South Sudan, Sudan Claim Control of Heglig Despite Withdrawal

People wave Sudanese flags at soldiers during a celebration march outside Sudan's Defence Ministry in Khartoum, Sudan, April 20, 2012.
People wave Sudanese flags at soldiers during a celebration march outside Sudan's Defence Ministry in Khartoum, Sudan, April 20, 2012.

Sudan and South Sudan are both claiming to be in control of the Heglig oil fields, despite assurances from the Southern government that it is withdrawing its troops to avert a return to war.

The countries have given different accounts of the withdrawal. Early Friday, South Sudan said it was commencing an orderly and voluntary pullout from Heglig immediately.

Later that evening, however, South Sudan's ambassador to the United Nations, Agnes Oswaha, told reporters at U.N. headquarters in New York that southern forces were still in complete control of Heglig. She did confirm that all southern forces would be out of Heglig within 72 hours.

"The Republic of South Sudan took this decision because it does not wish to see a return to war and seeks an immediate resumption of negotiations between the two parties," said Oswaha.
Meanwhile, Sudan's ambassador to the United Nations, Daffa-Alla Elhag Ali Osman, said earlier that Sudanese forces had retaken Heglig by force.  

"It's a pleasure and great honor for me and with great jubilation I convey to you that our heroic Sudanese Armed Forces have chased out the aggressors from Heglig," said Osman.

Ali Osman said Sudan is ready to resume talks with South Sudan if, in his words, the south's leaders "come to their senses" and negotiate without conditions.

Noting the withdrawal, United Nations Secretary-General Ban Ki-moon issued a statement calling on the governments of both countries to resume negotiations "immediately."

In Washington, U.S. State Department spokeswoman Victoria Nuland said the United States is urging South Sudan to fully withdraw all forces from Heglig, and is calling on Sudan to immediately end any reprisal attacks.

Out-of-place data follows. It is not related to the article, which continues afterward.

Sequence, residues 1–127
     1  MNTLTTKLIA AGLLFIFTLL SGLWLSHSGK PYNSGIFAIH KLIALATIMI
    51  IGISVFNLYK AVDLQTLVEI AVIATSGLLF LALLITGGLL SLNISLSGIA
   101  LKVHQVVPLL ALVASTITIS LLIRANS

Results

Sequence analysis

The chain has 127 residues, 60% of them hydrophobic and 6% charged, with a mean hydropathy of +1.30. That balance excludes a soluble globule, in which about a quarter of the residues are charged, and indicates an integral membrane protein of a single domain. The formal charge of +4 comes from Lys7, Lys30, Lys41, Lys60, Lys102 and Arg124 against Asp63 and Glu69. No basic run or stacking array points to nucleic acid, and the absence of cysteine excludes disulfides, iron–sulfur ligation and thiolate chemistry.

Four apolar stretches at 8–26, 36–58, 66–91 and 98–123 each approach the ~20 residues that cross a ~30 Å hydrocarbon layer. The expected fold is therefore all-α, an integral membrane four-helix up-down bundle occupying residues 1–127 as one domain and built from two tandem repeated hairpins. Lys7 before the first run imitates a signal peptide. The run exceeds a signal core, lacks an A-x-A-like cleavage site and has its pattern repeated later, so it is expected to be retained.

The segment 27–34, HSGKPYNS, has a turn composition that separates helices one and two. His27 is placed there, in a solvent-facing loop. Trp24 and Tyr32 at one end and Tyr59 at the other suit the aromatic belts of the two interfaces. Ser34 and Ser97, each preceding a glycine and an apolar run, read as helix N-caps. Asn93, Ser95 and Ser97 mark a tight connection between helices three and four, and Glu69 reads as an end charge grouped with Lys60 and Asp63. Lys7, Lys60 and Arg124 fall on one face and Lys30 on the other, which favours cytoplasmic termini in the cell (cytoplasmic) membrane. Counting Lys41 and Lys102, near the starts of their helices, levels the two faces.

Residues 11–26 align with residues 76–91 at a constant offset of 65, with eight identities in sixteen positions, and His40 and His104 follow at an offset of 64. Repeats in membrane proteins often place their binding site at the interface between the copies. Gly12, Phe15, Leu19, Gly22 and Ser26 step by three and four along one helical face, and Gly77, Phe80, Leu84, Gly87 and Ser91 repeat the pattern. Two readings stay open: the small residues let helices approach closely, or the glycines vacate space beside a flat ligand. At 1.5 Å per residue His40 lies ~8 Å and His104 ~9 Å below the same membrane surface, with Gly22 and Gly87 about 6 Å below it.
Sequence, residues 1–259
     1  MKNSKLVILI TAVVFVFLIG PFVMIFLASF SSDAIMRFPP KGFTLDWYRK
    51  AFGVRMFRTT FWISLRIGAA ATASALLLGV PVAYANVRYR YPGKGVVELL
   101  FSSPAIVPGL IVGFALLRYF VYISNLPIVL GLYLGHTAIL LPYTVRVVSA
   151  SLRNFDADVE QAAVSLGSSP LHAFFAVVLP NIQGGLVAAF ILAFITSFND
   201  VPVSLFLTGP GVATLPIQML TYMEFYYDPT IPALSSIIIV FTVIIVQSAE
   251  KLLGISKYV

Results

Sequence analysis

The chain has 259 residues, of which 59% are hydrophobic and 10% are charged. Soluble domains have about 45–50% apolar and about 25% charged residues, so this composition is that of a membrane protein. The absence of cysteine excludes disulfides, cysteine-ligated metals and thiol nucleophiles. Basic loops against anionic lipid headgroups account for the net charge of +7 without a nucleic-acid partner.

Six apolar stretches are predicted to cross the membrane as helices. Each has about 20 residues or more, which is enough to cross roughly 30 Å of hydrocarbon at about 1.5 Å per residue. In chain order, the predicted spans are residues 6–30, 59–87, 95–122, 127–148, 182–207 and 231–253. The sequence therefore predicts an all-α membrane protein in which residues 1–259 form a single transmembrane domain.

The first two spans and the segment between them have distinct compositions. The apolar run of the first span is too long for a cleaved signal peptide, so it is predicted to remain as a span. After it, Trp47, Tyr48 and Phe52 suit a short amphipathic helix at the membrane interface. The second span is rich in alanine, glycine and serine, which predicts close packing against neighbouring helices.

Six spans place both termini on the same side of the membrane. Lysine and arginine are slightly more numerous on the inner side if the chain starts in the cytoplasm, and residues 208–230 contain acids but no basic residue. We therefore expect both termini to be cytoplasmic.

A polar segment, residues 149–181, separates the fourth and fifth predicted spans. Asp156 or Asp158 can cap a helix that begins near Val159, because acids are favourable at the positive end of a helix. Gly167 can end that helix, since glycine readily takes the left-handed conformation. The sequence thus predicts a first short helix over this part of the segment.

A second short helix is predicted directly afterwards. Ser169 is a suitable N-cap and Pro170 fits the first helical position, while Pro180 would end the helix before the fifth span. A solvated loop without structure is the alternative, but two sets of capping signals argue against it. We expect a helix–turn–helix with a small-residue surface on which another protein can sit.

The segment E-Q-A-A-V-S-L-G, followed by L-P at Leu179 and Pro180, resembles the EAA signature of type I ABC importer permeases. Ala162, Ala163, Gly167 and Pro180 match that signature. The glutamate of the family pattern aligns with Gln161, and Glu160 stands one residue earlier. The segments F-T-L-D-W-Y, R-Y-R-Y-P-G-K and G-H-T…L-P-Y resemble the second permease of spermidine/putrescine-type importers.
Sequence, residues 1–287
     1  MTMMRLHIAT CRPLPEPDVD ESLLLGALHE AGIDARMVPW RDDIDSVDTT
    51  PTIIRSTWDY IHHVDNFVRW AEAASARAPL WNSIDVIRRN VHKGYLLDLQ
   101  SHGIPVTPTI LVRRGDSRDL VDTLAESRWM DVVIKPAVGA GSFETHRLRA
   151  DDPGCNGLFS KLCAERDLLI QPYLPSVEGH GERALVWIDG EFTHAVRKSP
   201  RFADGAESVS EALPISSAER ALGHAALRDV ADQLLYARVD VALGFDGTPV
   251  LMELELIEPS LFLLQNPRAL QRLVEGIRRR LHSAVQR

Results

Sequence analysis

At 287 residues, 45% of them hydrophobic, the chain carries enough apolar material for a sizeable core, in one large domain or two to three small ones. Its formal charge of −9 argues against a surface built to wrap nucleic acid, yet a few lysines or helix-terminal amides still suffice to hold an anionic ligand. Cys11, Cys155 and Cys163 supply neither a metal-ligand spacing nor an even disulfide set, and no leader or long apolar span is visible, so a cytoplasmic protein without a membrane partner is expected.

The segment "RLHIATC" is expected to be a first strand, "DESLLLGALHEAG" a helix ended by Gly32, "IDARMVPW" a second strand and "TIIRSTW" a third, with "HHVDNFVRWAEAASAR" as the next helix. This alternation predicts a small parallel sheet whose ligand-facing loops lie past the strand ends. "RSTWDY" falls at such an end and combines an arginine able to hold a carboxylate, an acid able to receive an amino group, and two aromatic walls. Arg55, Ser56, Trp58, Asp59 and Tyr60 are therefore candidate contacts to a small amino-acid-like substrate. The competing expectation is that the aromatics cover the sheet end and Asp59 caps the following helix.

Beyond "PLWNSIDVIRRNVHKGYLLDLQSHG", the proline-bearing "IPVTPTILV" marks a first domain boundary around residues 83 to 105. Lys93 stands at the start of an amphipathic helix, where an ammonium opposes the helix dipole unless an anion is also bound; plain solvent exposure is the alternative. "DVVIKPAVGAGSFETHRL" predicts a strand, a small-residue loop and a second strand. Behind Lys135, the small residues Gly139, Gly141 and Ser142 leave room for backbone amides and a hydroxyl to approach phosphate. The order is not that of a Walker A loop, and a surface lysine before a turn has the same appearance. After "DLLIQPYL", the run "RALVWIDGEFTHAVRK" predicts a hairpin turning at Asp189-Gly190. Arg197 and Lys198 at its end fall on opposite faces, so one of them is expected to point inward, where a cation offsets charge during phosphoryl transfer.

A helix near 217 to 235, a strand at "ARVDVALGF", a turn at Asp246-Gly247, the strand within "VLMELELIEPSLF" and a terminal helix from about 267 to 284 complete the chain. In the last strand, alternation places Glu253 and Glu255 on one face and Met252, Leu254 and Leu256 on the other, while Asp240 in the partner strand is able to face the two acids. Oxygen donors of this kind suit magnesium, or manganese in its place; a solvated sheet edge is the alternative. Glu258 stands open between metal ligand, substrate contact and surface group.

"In parallel, we are also calling on the government of Sudan as we have regularly to halt their own cross-border attacks, particularly the provocative Arial bombardments, so that we can get back to a place where these two sides are working together and using mechanisms like the joint-border verification and monitoring mechanism to work through their issues," said Nuland.

South Sudan seized the Heglig oil fields on April 10, sparking fears of all-out war between the two countries. In a speech Wednesday, Sudanese President Omar al-Bashir threatened to crush South Sudan's government like an "insect."

The South's information minister said Friday that Juba still considers Heglig to be part of its territory and wants the status of that area and other contested regions to be determined by international arbitration.

The two Sudans have been unable to resolve disputes over borders, oil, and citizenship stemming from the South's independence last July.

Chief disputes include the future of the oil-producing Abyei region and the sharing of oil revenue. The South took over three-fourths of Sudan's oil fields when it separated, but uses northern pipelines for export.

The countries have been fighting along their disputed border but the U.S. special envoy to Sudan, Princeton Lyman, said Thursday that both sides want to avoid a larger conflict.

"In the discussions I have had in both Khartoum and Juba, I can say with confidence that virtually everyone I have talked to has said, 'Look we don't want to go to all-out war with the other. We need to find a way out," said Lyman.

Before their separation, north and south Sudan fought a 21-year civil war that eventually led to southern autonomy and independence.

This forum has been closed.
There are no comments in this forum. Be first and add one

Featured Videos

Your JavaScript is turned off or you have an old version of Adobe's Flash Player. Get the latest Flash player.
With HIV, Can We Get to Zero?i
Carol Pearson
November 29, 2015 1:23 PM
The theme of this year's World AIDS Day is "Getting to Zero." The U.N. says new HIV infections have been reduced by 35 percent since 2000 and AIDS-related deaths are down by 42 percent since the peak in 2004. VOA's Carol Pearson takes a look at what it might take to actually have an AIDS-free generation.

Video With HIV, Can We Get to Zero?